As we become a society of couch potatoes, our health declines. Americans are eating more and moving less, and unfortunately, these habits are rubbing off on our children.
Food marketing has led to increased portion sizes and added sugars, salts and fats, while the advent of new technologies has had the unintended effect of decreasing physical activity. More than ever, American kids eat loads of junk food and spend much more time texting, watching television and playing video games than running around and being active.
Researchers estimate that only about 20 percent of children meet basic activity level recommendations and 25 percent are completely sedentary. At the same time, the serving sizes of foods we eat have become larger and more calorie-dense over the past 20 years. Bagels and pizza slices are almost double the size they used to be, and certain beverage cups can now hold an entire bottle of soda.
These changes in the American lifestyle have increased children’s risk of obesity, heart disease, cancer, diabetes and many other health conditions. Indeed, children are increasingly succumbing to adult diseases — so much so that doctors have changed the term adult-onset diabetes to Type 2 diabetes because so many children have the disease.
The Jewish community is not immune to this trend. Original research by Dr. Mendel Singer, director of the Jewish Community Health Initiative and a professor at Case Western Reserve Medical School, shows that Jewish children are almost as likely to be obese as their non-Jewish counterparts. In fact, Singer found that Jewish children in certain pockets of the community are substantially more likely to be obese.
Part of the reason for these troubling findings is that children who attend Jewish day schools study a joint Jewish and secular curriculum, which means 10 hours per day sitting in school, and then going home and sitting for a few more hours of homework. Physical education is often deemed less important than other subjects, so kids are sedentary for most of the time they spend in school. Moreover, in many Orthodox day schools, fitness activities are further restricted because of limitations on co-ed exercise.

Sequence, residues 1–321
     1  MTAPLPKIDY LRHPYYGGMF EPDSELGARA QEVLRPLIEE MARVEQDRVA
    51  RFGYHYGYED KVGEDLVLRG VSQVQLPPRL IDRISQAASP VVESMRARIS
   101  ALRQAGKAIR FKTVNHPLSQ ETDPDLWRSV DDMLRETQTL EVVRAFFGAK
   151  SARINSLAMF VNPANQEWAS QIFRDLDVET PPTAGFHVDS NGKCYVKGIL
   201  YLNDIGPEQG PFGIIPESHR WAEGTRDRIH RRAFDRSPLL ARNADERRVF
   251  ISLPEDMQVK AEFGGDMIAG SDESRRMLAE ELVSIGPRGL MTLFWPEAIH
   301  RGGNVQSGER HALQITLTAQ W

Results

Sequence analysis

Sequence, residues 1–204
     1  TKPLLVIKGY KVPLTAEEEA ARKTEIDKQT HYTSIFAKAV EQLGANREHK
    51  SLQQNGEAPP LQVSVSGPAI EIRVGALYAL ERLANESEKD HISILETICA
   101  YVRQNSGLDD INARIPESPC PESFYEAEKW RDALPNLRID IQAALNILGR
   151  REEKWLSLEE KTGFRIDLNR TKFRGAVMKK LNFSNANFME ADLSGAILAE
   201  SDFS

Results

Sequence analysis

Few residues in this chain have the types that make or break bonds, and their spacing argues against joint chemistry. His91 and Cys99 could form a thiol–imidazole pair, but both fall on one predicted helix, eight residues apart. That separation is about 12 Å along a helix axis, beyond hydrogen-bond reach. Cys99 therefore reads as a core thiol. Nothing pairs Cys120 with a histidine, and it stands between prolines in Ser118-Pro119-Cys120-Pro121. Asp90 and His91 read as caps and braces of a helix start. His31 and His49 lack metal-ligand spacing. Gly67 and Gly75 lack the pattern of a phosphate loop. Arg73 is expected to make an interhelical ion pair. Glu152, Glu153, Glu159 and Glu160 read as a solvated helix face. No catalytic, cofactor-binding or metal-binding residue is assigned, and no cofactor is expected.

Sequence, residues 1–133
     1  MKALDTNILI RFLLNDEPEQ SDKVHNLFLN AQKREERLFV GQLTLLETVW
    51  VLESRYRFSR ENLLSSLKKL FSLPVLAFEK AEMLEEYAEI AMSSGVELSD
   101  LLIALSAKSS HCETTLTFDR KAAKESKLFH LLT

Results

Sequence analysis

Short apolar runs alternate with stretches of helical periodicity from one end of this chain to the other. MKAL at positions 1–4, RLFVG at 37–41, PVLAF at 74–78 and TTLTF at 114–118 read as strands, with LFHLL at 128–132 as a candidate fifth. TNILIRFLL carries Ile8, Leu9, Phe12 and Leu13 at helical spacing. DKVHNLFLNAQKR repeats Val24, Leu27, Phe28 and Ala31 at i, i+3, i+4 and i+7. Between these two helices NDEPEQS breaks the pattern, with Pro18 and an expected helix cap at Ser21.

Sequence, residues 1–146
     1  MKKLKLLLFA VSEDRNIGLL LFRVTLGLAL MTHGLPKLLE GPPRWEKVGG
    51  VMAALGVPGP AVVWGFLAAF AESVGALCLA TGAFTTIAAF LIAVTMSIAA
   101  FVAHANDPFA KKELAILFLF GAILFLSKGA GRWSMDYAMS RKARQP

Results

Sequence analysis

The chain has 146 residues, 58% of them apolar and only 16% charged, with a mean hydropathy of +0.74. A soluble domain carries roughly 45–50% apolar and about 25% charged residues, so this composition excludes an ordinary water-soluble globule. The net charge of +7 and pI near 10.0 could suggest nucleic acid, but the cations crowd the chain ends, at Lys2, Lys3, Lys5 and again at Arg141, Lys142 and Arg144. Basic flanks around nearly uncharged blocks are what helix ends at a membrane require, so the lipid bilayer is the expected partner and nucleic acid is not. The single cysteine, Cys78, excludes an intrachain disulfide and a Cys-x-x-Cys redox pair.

Unfortunately, Jewish adults are not doing any better. We have a foodcentric culture in which the highlight of each week is often an elaborate Shabbat meal that is rich in fat and calories and can last late into the night — it’s like having Thanksgiving dinner every week. We justify these meals by saying things like “calories don’t count on Shabbat,” but it’s time that we become honest with ourselves.
As a community, we like to cook and eat but we don’t like to exercise very much. The average Jewish family is more likely to eat a lavish meal together than go for a walk or kick around a soccer ball.
Parents should set an example for their kids by adopting healthy lifestyles for themselves. This means more fruits and vegetables, less oil, salt and sugar, and a far more active lifestyle. Instead of watching television as a family, parents should encourage walking, hiking and other healthy activities.
At the same time, our Jewish day schools should recognize that physical activity is just as important as Hebrew and algebra, and should modify their curricula to make physical activity a major part of the day. This can be as simple as creating a schedule that makes children walk across the school to get from one class to another, or shortening every period by a few minutes to make more time for organized physical activity. Schools also might consider bringing in professional dieticians and exercise instructors to teach children about exercising at home and making smart food choices.
Summer camps are also great places for children not only to be active, but to learn how to lead a healthy lifestyle at home.
It’s up to all of us to make sure that today’s Jewish children grow up to be tomorrow’s healthy adults. n
Aliza Wadler Solomon, a graduate student in public health, is working closely with Camp Zeke, a new Jewish overnight camp that immerses kids in pure foods, energizing fitness activities and culinary arts. The camp is slated to open the summer of 2014.